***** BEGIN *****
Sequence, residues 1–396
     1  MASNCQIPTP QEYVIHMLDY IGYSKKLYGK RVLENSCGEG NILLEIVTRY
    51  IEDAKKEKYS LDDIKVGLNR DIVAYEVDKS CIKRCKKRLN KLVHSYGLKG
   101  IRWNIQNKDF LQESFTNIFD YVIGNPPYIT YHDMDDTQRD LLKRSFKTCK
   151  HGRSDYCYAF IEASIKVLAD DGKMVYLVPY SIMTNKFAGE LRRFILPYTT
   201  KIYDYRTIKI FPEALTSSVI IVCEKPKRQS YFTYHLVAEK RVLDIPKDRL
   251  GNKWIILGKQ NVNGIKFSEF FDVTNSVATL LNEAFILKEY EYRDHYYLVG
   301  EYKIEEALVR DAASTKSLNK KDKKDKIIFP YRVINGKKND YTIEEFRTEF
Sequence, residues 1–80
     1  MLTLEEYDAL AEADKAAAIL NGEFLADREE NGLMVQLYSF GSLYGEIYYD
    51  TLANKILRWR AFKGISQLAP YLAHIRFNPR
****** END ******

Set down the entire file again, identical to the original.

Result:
Sequence, residues 1–396
     1  MASNCQIPTP QEYVIHMLDY IGYSKKLYGK RVLENSCGEG NILLEIVTRY
    51  IEDAKKEKYS LDDIKVGLNR DIVAYEVDKS CIKRCKKRLN KLVHSYGLKG
   101  IRWNIQNKDF LQESFTNIFD YVIGNPPYIT YHDMDDTQRD LLKRSFKTCK
   151  HGRSDYCYAF IEASIKVLAD DGKMVYLVPY SIMTNKFAGE LRRFILPYTT
   201  KIYDYRTIKI FPEALTSSVI IVCEKPKRQS YFTYHLVAEK RVLDIPKDRL
   251  GNKWIILGKQ NVNGIKFSEF FDVTNSVATL LNEAFILKEY EYRDHYYLVG
   301  EYKIEEALVR DAASTKSLNK KDKKDKIIFP YRVINGKKND YTIEEFRTEF
Sequence, residues 1–80
     1  MLTLEEYDAL AEADKAAAIL NGEFLADREE NGLMVQLYSF GSLYGEIYYD
    51  TLANKILRWR AFKGISQLAP YLAHIRFNPR